Global trial to test whether MMR vaccine protects front-line healthcare workers against COVID-19

Sept. 8, 2020

Washington University School of Medicine in St. Louis (WUSTL) is the clinical coordinating center for an international trial aimed at evaluating on a large scale whether the MMR vaccine can protect against COVID-19, according to their report. 

An international research network of physicians and scientists is launching a clinical trial to evaluate whether the vaccine for measles, mumps and rubella (MMR) can protect front-line healthcare workers against infection from SARS-CoV-2, the virus that causes COVID-19. The trial aims to enroll up to 30,000 healthcare workers globally. 

WUSTL is the clinical coordinating center for this ambitious, international trial, which is the first to evaluate on a large scale whether the MMR vaccine can protect against COVID-19. The trial is co-led by Washington University, University College London and the University of the Witwatersrand in Johannesburg, via the CROWN (COVID-19 Research Outcomes Worldwide Network) Collaborative and involves researchers from institutions in African, European and North American countries. 

The MMR vaccine has been given safely to hundreds of millions of people around the world since it was approved nearly 50 years ago, and has successfully reduced the incidence of measles, mumps and rubella worldwide. Typically, the vaccine is given to children, with most getting two doses before age six. The research team leading the trial points to growing evidence that suggests the MMR vaccine may have benefits beyond protecting against measles, mumps and rubella. It could broadly boost an individual’s immunity and may prevent infection from SARS-CoV-2 for a limited period. This is because the vaccine carries small amounts of live, weakened viruses that could train the body’s immune system to fight multiple pathogens. 

“We know that the MMR vaccine is safe, and we think there are two main reasons that it could prevent COVID-19,” said one of the collaborative’s principal investigators, Michael S. Avidan, MBBCh, the Dr. Seymour and Rose T. Brown Professor and head of the Department of Anesthesiology at Washington University. “The first is this vaccine includes small amounts of live but very weakened measles, mumps and rubella viruses. This type of vaccine appears to strengthen the body’s immune response to infections in general, not just to the viruses in that particular vaccine.”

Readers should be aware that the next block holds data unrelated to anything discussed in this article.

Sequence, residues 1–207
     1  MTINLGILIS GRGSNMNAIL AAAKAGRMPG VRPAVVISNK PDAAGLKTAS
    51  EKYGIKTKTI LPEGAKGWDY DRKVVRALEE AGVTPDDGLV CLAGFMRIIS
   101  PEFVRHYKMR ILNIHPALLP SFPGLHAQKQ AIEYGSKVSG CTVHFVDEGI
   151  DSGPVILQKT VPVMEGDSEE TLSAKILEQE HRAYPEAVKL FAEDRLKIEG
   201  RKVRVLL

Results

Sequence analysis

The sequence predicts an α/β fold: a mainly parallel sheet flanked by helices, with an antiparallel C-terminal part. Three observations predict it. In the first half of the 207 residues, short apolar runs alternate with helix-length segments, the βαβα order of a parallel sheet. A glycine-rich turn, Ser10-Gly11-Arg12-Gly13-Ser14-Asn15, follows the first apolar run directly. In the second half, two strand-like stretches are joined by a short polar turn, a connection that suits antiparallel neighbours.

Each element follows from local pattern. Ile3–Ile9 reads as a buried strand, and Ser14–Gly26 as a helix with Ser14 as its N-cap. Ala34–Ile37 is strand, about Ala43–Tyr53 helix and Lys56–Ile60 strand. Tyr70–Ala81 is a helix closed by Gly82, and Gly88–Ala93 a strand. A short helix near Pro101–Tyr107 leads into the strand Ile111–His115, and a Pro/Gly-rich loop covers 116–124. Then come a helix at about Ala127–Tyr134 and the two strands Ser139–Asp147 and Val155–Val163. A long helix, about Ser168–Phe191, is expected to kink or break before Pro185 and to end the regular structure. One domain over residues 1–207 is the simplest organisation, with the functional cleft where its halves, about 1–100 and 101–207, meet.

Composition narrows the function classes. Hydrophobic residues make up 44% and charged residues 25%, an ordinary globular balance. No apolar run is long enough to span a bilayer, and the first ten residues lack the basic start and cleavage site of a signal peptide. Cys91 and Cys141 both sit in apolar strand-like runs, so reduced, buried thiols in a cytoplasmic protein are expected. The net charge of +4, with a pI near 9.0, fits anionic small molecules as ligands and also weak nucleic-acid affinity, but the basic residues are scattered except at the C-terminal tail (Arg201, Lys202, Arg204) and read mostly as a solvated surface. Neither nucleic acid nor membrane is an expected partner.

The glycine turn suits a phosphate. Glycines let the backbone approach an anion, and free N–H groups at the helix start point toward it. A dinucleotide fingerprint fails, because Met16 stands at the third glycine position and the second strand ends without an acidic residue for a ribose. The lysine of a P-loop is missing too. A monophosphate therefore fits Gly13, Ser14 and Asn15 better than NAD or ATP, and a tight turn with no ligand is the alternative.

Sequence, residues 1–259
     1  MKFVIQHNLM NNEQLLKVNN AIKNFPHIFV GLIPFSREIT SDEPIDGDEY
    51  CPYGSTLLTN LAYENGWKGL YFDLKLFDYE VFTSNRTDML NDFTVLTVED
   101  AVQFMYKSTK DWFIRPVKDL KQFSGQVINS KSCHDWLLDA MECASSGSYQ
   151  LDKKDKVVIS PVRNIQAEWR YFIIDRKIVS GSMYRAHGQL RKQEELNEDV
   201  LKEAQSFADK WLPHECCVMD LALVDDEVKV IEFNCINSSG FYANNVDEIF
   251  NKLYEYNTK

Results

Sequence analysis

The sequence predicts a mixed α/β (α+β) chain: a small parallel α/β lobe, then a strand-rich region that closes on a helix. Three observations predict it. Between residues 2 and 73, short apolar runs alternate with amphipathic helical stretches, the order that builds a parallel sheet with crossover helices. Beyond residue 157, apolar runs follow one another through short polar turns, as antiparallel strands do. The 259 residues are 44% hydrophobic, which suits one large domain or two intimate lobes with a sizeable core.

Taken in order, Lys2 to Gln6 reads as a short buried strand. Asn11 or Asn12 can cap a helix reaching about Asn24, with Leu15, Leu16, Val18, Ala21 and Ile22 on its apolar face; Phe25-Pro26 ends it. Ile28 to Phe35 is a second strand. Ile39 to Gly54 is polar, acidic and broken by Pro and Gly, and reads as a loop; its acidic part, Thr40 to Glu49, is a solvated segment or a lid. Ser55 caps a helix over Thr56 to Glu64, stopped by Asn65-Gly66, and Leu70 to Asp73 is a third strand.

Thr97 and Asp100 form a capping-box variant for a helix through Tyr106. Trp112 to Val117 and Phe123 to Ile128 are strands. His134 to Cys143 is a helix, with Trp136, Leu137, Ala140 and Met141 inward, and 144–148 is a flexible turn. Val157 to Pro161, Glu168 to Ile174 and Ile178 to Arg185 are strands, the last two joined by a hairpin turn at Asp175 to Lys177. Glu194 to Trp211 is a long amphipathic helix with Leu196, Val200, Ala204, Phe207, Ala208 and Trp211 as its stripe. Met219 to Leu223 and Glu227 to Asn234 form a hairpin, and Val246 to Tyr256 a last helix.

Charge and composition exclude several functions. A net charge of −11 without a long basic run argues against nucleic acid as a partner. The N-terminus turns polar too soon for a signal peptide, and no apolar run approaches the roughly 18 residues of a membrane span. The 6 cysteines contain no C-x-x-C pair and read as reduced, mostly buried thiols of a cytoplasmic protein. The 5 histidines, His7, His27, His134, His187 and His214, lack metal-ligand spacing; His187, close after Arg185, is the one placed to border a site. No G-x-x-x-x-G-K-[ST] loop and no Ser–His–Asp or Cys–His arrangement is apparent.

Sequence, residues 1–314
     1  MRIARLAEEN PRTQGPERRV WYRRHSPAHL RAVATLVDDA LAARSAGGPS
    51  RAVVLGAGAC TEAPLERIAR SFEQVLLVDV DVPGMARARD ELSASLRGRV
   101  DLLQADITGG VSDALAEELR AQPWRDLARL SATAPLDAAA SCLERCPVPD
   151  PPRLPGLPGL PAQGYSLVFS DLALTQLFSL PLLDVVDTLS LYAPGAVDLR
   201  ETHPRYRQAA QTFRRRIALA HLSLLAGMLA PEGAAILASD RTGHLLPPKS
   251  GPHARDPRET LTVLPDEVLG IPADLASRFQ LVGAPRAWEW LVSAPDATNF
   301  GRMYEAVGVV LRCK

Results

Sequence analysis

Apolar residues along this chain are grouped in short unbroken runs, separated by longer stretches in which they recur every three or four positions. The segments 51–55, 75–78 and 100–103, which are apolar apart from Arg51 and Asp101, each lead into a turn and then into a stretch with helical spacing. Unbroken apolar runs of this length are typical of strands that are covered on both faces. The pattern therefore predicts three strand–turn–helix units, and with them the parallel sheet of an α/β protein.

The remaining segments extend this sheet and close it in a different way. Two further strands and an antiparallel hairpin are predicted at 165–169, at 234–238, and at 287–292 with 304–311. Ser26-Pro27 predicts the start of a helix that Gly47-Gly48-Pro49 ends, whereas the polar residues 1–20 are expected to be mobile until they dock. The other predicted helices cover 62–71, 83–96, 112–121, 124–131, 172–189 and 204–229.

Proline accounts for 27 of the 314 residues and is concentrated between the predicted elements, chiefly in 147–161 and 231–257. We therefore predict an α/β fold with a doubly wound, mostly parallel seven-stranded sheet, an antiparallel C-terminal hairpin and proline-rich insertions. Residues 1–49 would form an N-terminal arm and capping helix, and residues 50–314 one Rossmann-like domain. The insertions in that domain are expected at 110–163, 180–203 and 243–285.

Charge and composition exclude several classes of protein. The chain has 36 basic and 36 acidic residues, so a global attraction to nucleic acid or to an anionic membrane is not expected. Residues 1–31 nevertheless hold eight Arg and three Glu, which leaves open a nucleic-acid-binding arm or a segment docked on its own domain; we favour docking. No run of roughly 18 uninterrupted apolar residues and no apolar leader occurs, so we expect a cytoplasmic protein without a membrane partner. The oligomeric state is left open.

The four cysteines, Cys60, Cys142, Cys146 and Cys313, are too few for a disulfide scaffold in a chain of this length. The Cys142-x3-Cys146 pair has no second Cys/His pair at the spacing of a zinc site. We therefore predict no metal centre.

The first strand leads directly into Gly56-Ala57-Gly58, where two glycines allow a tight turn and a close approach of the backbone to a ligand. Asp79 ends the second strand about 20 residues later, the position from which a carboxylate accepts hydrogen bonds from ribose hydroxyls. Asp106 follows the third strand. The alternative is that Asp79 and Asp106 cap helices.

A second reason the MMR vaccine may be effective is that there are similarities between the weakened viruses in the vaccine and the SARS-CoV-2 virus that causes COVID-19. All of these viruses have similar proteins on their surfaces that are involved in infecting cells in the body, so the researchers think that antibodies made in response to the MMR vaccine also may recognize and fight the SARS-CoV-2 virus. 

Unlike the drugs remdesivir and dexamethasone, the only medications so far identified as being helpful in treating COVID-19, the MMR vaccine would not be used to aid recovery from illness. Instead, the researchers want to learn whether the vaccine can elicit an immune response that slows the spread of the virus and protects front-line health-care workers who work in high-risk settings from developing COVID-19. The vaccine also will be examined to see whether it might reduce the severity of illness for those who do become infected. 

Most healthcare workers enrolled in the trial will receive a booster, as they likely received the vaccine as children. But in some countries where the MMR vaccine isn’t widely given to children, healthcare workers may be receiving the vaccine for the first time. 

The CROWN Coronavirus Prevention (CORONATION) adaptive trial platform launched as the global pandemic was beginning. The researchers designed the platform to be nimble and to assess multiple interventions. They initially planned to evaluate the anti-malaria drug chloroquine. However, as emerging data showed the drug was not as promising as originally thought, the trial platform quickly pivoted to evaluate a different intervention. 

“The CROWN Collaborative research platform was designed to rapidly evaluate preventive and therapeutic interventions to learn which ones work and which ones do not,” Avidan said. “Our goal from the start has been to identify interventions that work and make them available to the people around the world who will benefit most.” 

The CROWN CORONATION trial is funded by a $9 million grant from the COVID-19 Therapeutics Accelerator — an initiative launched by the Bill & Melinda Gates Foundation, Wellcome, and Mastercard, with support from an array of public and philanthropic donors. The Therapeutics Accelerator works to speed up the response to the COVID-19 pandemic by identifying, assessing, developing and scaling up treatments. The study will recruit front-line healthcare workers from Canada, Ghana, Ireland, South Africa, Uganda, United Kingdom, United States, Zambia and Zimbabwe. 

“If we discover that the MMR vaccine can help train the body’s immune response to SARS-CoV-2 infection, then we will have something to administer very quickly, while waiting for more specific vaccines and preventive therapies to be developed,” Laurence Lovat, MD, PhD, a professor of gastroenterology and biophotonics, is the study leader in the United Kingdom said. “If the trial shows that the MMR vaccine can boost the body’s general immune response, we believe it may enhance the effectiveness of vaccines currently in development to prevent SARS-CoV-2 infection.” 

WUSTL has the release.        

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